Can you give some examples of B2B quandaries in the Indian context, and how companies have evolved strategy around these?
There are many commodity players who are struggling. Some companies have realised they cannot sustain in this lose-lose scenario. Tata Steel is an example of a company that did something about this situation. About 15+ years ago, they realised the need to change track. They are in a pure commodity game– steel is steel. But the wisdom of the top management motivated them to strategically move from product into services and solutions. Now they are moving a step further into experience. Typically, you see this transition in B2C markets. Thus, even companies like Tata Steel that have a large percentage of its revenues coming from business markets are seeking to find ways to get out of the commodity trap. Due to the extensive work they had done over many years, they have succeeded in a large measure on this front.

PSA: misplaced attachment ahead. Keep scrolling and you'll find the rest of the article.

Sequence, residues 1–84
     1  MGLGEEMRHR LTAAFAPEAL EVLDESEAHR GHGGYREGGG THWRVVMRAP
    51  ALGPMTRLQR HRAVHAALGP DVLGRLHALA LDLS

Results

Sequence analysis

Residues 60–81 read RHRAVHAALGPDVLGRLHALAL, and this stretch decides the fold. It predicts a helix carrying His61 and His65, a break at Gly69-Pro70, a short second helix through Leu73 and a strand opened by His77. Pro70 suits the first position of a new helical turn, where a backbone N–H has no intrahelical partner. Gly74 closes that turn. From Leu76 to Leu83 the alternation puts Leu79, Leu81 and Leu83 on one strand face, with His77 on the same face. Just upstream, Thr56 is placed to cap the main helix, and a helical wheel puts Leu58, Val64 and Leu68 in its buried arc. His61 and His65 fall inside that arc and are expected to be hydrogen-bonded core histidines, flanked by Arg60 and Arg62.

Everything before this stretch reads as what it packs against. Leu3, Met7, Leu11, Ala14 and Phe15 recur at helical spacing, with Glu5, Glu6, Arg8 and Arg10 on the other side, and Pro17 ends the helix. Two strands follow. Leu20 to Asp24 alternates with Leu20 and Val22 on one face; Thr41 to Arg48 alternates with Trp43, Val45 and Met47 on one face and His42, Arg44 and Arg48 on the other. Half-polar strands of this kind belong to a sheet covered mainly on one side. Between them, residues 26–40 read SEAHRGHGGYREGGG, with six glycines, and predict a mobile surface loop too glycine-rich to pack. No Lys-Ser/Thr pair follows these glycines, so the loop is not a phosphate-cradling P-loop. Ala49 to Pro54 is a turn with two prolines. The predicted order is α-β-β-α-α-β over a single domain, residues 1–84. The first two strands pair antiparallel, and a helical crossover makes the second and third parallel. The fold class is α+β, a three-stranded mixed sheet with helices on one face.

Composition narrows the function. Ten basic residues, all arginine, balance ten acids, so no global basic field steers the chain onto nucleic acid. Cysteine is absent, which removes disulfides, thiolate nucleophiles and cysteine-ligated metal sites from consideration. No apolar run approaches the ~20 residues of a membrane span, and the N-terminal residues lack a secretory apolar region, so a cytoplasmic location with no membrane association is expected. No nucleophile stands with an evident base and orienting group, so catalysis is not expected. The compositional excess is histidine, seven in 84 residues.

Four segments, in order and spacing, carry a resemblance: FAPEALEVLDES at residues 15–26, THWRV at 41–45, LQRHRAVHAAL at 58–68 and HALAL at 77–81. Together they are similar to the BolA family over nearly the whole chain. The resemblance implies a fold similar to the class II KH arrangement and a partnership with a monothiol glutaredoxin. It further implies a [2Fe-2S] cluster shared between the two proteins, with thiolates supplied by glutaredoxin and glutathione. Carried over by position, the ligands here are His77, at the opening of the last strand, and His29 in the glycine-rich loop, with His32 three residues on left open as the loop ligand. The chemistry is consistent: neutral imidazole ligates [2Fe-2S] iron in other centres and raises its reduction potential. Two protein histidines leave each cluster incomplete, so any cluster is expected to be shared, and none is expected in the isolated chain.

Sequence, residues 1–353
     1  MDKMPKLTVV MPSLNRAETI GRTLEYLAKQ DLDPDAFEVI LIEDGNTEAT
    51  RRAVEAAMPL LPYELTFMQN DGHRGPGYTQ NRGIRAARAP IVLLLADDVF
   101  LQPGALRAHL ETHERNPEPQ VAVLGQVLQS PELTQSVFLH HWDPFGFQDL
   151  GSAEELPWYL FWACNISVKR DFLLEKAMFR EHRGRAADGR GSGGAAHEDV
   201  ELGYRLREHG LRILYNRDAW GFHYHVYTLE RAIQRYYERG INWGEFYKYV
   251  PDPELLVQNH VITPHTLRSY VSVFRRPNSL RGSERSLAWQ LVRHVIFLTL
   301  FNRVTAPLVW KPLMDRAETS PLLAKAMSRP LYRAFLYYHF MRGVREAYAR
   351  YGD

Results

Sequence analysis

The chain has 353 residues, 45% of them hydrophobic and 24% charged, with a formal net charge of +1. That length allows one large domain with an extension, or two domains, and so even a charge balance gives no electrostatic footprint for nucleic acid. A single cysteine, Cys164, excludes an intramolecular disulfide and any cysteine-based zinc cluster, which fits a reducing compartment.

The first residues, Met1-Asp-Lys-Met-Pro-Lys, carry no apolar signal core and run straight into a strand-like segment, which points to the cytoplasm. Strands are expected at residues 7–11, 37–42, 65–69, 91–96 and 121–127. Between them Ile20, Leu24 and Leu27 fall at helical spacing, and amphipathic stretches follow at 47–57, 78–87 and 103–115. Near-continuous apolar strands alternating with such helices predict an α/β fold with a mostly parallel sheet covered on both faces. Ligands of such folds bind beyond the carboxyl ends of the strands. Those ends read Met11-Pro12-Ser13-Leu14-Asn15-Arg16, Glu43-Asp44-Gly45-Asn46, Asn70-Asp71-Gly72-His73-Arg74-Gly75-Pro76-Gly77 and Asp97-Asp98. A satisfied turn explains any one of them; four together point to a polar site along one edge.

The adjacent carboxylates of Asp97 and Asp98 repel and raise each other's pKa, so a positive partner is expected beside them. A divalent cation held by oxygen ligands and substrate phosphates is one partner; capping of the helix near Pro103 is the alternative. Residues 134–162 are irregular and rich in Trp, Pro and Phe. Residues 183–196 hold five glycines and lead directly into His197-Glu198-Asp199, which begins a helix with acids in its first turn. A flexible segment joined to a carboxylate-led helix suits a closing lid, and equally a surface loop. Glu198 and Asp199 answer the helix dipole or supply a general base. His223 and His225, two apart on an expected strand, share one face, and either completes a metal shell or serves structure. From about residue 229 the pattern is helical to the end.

Once the company moves out of the commodity trap, and innovatively looks at how to move up the value chain, the price pressure abates. You have always had multinational corporations (MNCs) such as Siemens, ABB, and several more stay away from the commodity game and focus on value.
A lot of B2B companies in India are facing the heat of Chinese competition, which is essentially a price play. How do you survive when the Chinese competitor offers products at 40% less price than what you have been selling in B2B markets? For example, Thermax has been the king of industrial boilers in India. They had to find answers to this question when Chinese boilers were available for 30% less price. The decisionmaker might say – especially in the government: “My longevity is 4-5 years. I am being assessed on compliance to budgets and lowest acquisition price. So how do I justify a higher price? I will go for the cheapest option. What happens after seven years is somebody else’s problem.” In this way, the decision horizons might become short-sighted. In such a scenario, how does one sell value to the customer and capture a fair share of the value delivered?